The Declaration of Independence is adopted after days of the discussions and 12 of 13 colonies agreeing to succeed. The actual signing of the Declaration didn’t occur until August 2.

 

Taxation is a large portion of why the American colonies felt it necessary to break away from England. Taxation continues to be a large part of America’s history, especially in the years immediately following the Revolution.

 

We’ll cover that time period next.

 

1099, W2, W4, W9 – what’s the difference?

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Fill out this 1099 form. Did you get your W2 from your employer? Fill out this W4 form.

Keeping all the tax forms straight is a challenge. In today’s post, we go through the difference between the most commonly filled out tax forms. That way, you know what you’re signing and why.

Form W4

This is the form that you fill out at the beginning of most conventional employment. The purpose of this paper is to let your employer know how much tax money they should withhold from your paycheck. You can also use this form to adjust your withholdings throughout the year.

Form W2

This is the magical form most of us are waiting on to get started with our taxes. It shows your yearly income and how much was withheld – critical information for both you and your accountant.

Form 1099  

This is a form you receive in any non-conventional payment situation. Basically, if you make money as an independent contractor or self-employed taxpayer, you will receive a version of this form.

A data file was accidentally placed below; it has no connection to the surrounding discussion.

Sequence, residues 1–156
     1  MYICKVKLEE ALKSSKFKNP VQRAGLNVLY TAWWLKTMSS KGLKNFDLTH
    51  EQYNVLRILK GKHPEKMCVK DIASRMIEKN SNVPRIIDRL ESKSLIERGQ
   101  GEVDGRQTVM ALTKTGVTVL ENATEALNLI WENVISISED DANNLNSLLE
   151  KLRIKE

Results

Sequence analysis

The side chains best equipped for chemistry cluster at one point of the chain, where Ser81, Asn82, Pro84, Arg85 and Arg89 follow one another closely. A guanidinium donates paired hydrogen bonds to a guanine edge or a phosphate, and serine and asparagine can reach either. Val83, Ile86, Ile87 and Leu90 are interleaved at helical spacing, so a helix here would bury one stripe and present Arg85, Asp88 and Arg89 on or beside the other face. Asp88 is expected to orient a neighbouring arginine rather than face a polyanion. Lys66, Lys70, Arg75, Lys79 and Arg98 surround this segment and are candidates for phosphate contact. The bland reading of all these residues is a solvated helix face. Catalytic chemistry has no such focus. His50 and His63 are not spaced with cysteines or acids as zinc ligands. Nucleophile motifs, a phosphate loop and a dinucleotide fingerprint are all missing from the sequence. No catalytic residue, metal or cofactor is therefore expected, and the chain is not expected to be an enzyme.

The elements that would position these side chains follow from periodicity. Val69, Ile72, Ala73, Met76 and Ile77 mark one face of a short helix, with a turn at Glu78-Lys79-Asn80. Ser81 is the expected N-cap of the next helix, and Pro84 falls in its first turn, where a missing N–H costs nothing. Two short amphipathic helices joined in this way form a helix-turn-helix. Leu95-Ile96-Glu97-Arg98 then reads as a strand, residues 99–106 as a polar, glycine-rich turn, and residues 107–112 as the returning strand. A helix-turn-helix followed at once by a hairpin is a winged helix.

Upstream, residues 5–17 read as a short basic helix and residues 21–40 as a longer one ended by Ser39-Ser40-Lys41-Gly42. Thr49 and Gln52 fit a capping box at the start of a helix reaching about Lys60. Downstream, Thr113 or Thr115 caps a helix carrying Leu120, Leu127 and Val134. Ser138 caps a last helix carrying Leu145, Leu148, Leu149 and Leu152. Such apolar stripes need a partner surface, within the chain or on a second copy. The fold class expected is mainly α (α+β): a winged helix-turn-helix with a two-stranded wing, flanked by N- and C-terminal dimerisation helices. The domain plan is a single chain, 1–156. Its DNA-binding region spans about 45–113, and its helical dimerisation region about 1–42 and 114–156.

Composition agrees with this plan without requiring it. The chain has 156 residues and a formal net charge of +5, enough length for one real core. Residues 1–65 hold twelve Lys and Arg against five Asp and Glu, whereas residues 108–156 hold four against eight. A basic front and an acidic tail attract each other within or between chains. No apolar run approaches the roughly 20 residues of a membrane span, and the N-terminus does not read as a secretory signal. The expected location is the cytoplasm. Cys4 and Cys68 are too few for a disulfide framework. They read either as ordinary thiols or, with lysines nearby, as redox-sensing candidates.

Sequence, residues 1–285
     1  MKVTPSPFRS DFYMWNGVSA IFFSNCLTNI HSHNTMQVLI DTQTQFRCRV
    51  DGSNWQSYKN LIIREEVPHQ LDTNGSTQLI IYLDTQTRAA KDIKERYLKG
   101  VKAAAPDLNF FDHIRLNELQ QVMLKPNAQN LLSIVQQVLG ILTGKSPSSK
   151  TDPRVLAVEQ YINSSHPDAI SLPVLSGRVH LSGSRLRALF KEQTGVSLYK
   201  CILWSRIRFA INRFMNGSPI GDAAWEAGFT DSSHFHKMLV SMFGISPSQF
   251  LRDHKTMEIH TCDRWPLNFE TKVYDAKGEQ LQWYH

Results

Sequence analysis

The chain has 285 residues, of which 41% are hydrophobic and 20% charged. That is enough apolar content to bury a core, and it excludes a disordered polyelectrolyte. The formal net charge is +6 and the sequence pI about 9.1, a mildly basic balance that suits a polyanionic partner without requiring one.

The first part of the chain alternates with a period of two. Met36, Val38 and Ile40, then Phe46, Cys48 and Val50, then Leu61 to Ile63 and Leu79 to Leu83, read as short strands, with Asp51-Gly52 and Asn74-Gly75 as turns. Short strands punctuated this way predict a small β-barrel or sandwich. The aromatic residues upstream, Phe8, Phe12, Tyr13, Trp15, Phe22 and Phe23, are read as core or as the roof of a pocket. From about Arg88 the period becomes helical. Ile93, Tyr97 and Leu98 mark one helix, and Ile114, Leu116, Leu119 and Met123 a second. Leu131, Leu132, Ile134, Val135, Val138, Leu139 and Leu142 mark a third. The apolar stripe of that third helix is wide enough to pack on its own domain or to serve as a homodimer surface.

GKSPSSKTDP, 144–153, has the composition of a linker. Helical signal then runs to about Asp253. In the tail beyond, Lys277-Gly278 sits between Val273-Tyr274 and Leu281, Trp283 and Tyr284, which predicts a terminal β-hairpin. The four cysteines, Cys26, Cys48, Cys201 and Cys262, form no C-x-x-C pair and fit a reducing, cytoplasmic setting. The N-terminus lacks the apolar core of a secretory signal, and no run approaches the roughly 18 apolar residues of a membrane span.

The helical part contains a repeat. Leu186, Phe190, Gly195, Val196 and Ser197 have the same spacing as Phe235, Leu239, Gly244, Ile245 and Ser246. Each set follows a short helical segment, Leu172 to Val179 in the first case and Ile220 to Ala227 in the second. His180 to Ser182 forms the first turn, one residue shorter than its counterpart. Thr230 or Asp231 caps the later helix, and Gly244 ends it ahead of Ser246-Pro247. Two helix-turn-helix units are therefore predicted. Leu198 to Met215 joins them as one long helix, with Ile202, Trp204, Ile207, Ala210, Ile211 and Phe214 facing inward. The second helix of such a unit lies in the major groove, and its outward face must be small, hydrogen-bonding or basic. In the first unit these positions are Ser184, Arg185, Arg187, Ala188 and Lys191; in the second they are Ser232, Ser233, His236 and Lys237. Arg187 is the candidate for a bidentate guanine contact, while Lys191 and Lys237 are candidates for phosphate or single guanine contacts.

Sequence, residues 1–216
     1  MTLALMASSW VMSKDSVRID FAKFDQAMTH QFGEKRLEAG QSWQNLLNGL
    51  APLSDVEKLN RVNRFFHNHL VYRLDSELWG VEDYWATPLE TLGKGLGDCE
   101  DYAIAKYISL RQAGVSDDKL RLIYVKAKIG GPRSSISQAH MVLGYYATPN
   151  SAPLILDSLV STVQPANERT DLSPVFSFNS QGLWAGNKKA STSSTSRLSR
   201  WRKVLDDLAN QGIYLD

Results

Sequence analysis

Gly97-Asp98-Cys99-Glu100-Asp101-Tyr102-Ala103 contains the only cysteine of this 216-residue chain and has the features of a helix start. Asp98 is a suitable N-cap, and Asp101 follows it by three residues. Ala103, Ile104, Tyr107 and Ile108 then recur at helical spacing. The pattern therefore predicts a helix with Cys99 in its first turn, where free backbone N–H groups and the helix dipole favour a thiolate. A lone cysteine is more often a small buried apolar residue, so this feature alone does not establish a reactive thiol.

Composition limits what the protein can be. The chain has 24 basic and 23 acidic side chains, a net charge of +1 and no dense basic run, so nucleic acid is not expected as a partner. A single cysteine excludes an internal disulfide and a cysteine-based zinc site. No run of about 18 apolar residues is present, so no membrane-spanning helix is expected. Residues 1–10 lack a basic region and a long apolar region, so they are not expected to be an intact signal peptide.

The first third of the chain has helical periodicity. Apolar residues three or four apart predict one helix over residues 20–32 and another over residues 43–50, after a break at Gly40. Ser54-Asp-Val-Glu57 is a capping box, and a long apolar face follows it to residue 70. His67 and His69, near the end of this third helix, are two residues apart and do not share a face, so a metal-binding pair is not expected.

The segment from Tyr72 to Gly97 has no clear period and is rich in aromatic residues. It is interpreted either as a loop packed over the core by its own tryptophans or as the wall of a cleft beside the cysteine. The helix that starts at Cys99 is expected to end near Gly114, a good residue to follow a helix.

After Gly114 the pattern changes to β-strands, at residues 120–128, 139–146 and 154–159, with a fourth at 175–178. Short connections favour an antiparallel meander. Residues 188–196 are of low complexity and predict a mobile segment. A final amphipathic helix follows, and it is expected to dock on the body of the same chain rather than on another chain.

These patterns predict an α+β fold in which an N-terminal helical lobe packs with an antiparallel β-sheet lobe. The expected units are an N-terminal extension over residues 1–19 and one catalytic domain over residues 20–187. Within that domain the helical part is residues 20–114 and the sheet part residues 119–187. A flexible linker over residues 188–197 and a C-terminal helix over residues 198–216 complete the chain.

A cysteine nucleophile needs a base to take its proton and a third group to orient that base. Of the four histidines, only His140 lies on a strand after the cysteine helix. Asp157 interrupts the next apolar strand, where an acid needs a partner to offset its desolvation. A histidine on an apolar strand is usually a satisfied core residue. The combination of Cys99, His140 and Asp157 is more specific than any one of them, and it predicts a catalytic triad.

If you are working as a contractor, business, or have received money from the government, bank, etc, you will likely get one of these. There are a lot of versions of this form, including:

  • MISC, Miscellaneous Income

  • G, Certain Government Payments

  • K, Payment Card and Third Party Network Transactions

  • R, Distributions From Pensions, Annuities, Retirement or Profit-Sharing Plans, IRAs, Insurance Contracts, etc.

  • DIV, Dividends and Distributions

  • INT, Interest Income

Form 1098

There are a few versions of this form from income or payments to institutions like universities and banks. The most common forms of these are:

  • 1098-E, Student Loan Interest Statement

  • 1098-T,  Tuition Statement

  • Mortgage Interest Statement

Schedule K-1

This form reports any income, deductions, or other tax items you might receive as part of a business partnership. You will usually have to wait until later in the tax season to receive this form.

Have a form that’s not covered here? Reach out to us.

Any U.S. tax advice contained in the body of this website is not intended or written to be used, and cannot be used, by the recipient for the purpose of avoiding penalties that may be imposed under the Internal Revenue Code or applicable state or local tax law provisions.